One of the joys of travelling is spending lots of time in airports. No, seriously, it’s awesome. I often find myself camped out on the airport floor (it’s much more comfortable than most of the chairs around) surrounded by my miniature mountain of luggage. Sitting on the floor also gives me the best vantage point to people-watch unnoticed. It’s one of my favourite things to do as I while away the time, and no matter where I go, I always find the same groups of people walking around.
The constant explorer
You can spot these travellers from across the departure hall. Cool, calm, and collected, they move through the airport with the ease of someone who’s been through the process many times before. They’re always prepared for the next step of the check-in procedure, passport and boarding pass at the ready. They easily slip in and out of their shoes, and never forget stray change in their pockets at security. You won’t see these travellers stare at their tickets and then up at the gate numbers in confusion, either. It’s as if these individuals have a sixth sense directing them through even the most confusing of airports with ease.
As a guy, you’re likely to see him with a small backpack or suitcase on wheels, with a sarong draped around his neck. He’ll also be wearing a hat that, for some reason, reminds me of Cuba even though I’ve never visited the country. It often amazes me how these guys walk around with extreme confidence, looking very much ‘man’ with these two accessories. Perhaps the calf tattoo helps a little bit with that. Then you have the female version of this. Women walking around with minuscule backpacks, wearing fisherman pants. Often, they’ll have an earth-saving eco-friendly water bottle draped across their body like a Christmas tree ornament. Both genders sometimes rock an awesome head of dreads.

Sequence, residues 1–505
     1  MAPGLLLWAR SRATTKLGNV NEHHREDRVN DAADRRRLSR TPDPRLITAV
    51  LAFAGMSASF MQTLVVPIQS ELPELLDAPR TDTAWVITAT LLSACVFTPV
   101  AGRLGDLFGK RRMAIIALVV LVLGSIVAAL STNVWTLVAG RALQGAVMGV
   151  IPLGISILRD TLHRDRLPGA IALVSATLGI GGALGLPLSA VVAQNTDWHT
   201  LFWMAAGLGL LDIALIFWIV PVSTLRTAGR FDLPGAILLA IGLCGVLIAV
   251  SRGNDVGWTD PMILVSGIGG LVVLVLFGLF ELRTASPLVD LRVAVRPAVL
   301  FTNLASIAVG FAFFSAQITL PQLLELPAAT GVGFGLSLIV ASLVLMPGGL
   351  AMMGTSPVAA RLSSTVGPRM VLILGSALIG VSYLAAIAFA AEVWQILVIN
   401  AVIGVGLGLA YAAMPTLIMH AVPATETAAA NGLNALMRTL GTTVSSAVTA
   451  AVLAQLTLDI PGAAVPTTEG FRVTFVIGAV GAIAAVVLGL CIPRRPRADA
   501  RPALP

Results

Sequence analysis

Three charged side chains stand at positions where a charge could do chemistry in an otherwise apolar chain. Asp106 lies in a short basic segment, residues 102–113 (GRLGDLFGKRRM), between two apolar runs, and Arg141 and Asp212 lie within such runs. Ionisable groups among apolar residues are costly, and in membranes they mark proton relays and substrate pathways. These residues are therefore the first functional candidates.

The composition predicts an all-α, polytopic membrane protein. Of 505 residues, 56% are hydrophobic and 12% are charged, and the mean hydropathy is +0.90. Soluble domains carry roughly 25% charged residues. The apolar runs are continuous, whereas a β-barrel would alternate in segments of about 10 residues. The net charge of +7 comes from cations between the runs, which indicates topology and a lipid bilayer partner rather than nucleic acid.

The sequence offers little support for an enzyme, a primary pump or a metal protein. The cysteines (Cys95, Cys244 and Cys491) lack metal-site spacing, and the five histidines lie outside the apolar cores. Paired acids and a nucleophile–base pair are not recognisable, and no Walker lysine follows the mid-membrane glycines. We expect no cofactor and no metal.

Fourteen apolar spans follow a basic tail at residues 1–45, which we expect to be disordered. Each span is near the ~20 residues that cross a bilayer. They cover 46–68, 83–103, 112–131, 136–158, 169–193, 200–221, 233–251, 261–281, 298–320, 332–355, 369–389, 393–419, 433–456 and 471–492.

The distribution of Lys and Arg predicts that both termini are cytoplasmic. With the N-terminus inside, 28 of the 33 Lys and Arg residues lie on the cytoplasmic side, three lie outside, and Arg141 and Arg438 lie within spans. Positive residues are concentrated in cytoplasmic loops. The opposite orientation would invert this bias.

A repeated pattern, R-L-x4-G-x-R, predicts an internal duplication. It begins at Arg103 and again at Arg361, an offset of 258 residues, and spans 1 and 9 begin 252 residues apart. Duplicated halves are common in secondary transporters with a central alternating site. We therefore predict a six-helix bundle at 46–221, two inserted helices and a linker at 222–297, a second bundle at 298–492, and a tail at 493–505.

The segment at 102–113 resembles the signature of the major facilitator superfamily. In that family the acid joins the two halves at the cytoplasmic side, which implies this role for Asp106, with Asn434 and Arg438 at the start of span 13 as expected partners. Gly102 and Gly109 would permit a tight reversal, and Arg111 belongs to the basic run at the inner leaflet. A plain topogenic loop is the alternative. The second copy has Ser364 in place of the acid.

The frazzled vacationer
Every now and then, you get the paranoid travellers. They’re pretty easy to spot too. They’re the ones who get all frazzled when they have to walk back through the metal detector, leaving their hand luggage sitting exposed on the opposite side of the x-ray machine. No judgement here, though. After five years of travelling, I still make sure I see my bags go in and come out of it.
The business traveller
Always dressed in long, carefully-ironed, likely starched trousers, the wrinkles of which were probably removed by an anonymous hotel staff member. Ever-organised, their shoes match the colour of their belts, and they’re always collared button-down shirts. Man or woman, they’re pulling a briefcase-on-wheels behind them.
The rich retiree
Usually an elderly couple, these are women and men with perfectly styled hair that’s slowly losing its colour, replaced by shades of light blonde, white and grey. As a mark of stature, large, shiny stones perch on the lady’s left ring finger, although most of her jewellery is probably safely locked away back home. The wealthy retiree almost never has backpacks. Instead, they usually drag branded, wheeled suitcases along. When large, you’ll see them pushing said designer suitcases (one each) on an airport trolley. Accoutrements aside, these couples seem untouchable, oblivious to the humid heat pressing down on everyone around them. It’s as if they’re in an air-conditioned bubble. Their clothes, like their perfect hair, don’t ever seem to crease.